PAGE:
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I have a creature that is made of crystal. The problem is, crystal as I know it is structured in ways that don't allow for flexible movement as we are able to do. How could a lifeform made of crystal move like us? What about a rock creature?

It has a spherical body and 2 arms and 2 legs. Basically generic Kirby character or Smash Bros Pacman shaped.

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  • $\begingroup$ It would seem to me that you'd have to rely on physics to move, rather than chemistry. Human muscles rely on a ladder ratchet system made of proteins to move, but the proteins are orders of magnitude more complex and ordered than most crystals. I'd advocate for some sort of magnetic effect, but I'd need to research more. $\endgroup$ Jan 30, 2020 at 0:18
  • $\begingroup$ Tbh most fiction I've read or watched handwaves most of the physics of crystal movement. $\endgroup$ Jan 30, 2020 at 0:19
  • $\begingroup$ Rock creature... do you mean coral? $\endgroup$
    – user6760
    Jan 30, 2020 at 1:48
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    $\begingroup$ @user6760 No. Corals grow on rocks, but they themselves are not rocks. $\endgroup$ Jan 30, 2020 at 1:58
  • $\begingroup$ A more detailed description of your creature might help get you answers. Is it bipedal? Is it spherical? $\endgroup$
    – kleer001
    Jan 30, 2020 at 20:31

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Some of it has to be not-crystal. Or at the very least another form of that crystal.

But that's okay, there's no living creature that's entirely homogeneous.

Chitin comes in several forms with different properties: https://ibiologia.com/chitin/

Keratin also comes in several forms: https://en.wikipedia.org/wiki/Keratin

You can do the same with your creature. Give it a hard structural type and a flexible type of crystal, a light sensitive type, etc...

You'll probably need a circulatory system to get stuff from one place to another too.

Barring that you could hand wave away your problem with magnets or ultrasonics.

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Movement is work. Work is based on the expenditure of energy. The assumption is your crystal creature is "alive" because of some kind of crystal based energy that is consumed and replenished in some regular basis. Movement would then be based on expenditure of that accumulated energy. Is that energy expenditure expensive or is it efficient and easy? Quartz watches work because the crystal structure vibrates in a natural fashion. Your crystal creature could move by expending energy in such a way that it vibrated in such a way that it could move from place to place. Most likely your crystal creature does something like the Michael Jackson moonwalk.. smooth and seemingly effortless.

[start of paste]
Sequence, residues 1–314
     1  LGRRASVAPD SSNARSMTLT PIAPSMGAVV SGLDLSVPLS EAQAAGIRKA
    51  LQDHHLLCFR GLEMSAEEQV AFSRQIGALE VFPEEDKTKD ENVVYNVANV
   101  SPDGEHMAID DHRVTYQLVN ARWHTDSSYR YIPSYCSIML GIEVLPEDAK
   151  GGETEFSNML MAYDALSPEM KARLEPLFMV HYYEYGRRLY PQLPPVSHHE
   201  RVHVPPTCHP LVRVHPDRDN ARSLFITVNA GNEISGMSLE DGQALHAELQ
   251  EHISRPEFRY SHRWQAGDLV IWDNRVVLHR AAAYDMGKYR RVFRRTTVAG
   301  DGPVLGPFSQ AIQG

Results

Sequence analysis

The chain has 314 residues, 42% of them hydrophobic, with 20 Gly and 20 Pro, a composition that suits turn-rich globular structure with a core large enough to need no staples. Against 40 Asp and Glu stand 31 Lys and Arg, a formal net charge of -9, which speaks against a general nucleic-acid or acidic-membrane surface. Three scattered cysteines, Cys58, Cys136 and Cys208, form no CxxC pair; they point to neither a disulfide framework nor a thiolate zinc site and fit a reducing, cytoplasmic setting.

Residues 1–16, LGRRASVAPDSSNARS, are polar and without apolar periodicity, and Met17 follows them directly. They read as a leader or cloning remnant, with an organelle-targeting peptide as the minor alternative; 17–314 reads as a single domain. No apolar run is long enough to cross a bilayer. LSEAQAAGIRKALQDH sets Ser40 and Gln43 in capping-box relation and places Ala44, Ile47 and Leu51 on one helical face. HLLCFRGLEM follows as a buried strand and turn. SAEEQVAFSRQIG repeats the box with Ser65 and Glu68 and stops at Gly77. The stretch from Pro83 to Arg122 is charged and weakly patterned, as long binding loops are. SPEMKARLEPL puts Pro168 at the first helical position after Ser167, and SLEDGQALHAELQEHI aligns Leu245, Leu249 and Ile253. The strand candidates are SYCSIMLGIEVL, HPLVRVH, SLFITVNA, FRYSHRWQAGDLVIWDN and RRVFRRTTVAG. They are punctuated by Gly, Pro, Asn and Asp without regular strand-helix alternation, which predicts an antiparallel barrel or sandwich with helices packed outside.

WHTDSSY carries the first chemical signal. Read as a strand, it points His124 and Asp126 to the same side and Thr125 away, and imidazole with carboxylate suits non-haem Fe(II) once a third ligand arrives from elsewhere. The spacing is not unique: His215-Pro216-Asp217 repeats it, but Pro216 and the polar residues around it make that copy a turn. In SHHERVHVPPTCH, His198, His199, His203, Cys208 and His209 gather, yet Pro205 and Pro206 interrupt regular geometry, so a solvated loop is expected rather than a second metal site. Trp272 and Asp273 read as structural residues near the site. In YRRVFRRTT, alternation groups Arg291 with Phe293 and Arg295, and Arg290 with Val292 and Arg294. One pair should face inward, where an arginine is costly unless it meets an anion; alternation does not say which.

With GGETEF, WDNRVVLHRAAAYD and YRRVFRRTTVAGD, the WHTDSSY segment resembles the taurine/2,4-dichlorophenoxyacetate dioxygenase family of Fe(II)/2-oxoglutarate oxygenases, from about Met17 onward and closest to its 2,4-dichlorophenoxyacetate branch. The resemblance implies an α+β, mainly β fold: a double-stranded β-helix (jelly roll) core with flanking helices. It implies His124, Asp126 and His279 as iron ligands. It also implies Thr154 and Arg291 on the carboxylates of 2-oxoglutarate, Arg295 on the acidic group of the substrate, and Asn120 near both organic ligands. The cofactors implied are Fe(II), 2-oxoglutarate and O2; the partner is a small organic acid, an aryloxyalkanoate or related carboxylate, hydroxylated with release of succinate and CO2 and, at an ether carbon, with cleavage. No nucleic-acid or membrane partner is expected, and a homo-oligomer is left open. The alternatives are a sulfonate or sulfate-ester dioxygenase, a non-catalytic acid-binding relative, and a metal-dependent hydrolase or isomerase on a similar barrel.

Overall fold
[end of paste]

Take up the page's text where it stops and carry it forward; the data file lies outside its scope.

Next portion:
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There's some organic crystalline structures that flex by sliding across each other like sheets of paper. If you can imagine something moving with that kind of motion, maybe with thousands of microscopic crystalline hairs sliding around like a snail.

https://cen.acs.org/articles/94/web/2016/08/Organic-crystals-designed-flexibility.html

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  • $\begingroup$ How strong of a material would this be? Would this movement appear different than how we move? $\endgroup$ Jan 30, 2020 at 1:26
  • $\begingroup$ If we're looking at this as a principal rather than a specific material (since several different substances seem capable of it) I would *guess that it would range from as squishy as normal organic creatures to something quite hard but also brittle. An impact might kind of 'splatter' it, causing the layers to lose cohesion temporarily like throwing a notepad on the ground. The actual movement would be at a molecular or microscopic scale so it would probably appear to be sliding and bending like a slug or something. $\endgroup$ Dec 15, 2023 at 9:27
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Migratory recrystallization.

Ice recrystallization is strongly inhibited when antifreeze proteins bind to multiple ice planes

As shown, the ice grains underwent recrystallization with time (t) in different manners including; (i) uniform growth with keeping a relatively round shape (indicated by arrows), (ii) shrinkage by melting and disappearing, or (iii) merging to become larger ice grains (accretive recrystallization). The (i) and (ii) are known as migratory recrystallization.

At the joints, the crystals of your creature fracture into smaller crystals. These smaller crystals might melt and disappear, their substance adsorbed to the surface of adjacent crystals. Or they might merge and form larger crystals. The moving interfaces of a crystal creature are constantly fragmenting and recrystallizing.

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  • $\begingroup$ This sounds like it would make for a slow creature though $\endgroup$ Feb 1, 2020 at 3:34
  • $\begingroup$ @ChickenpeepChickenpeep - crystals can form very fast. Youtube search "supercooled ice". $\endgroup$
    – Willk
    Feb 1, 2020 at 14:28

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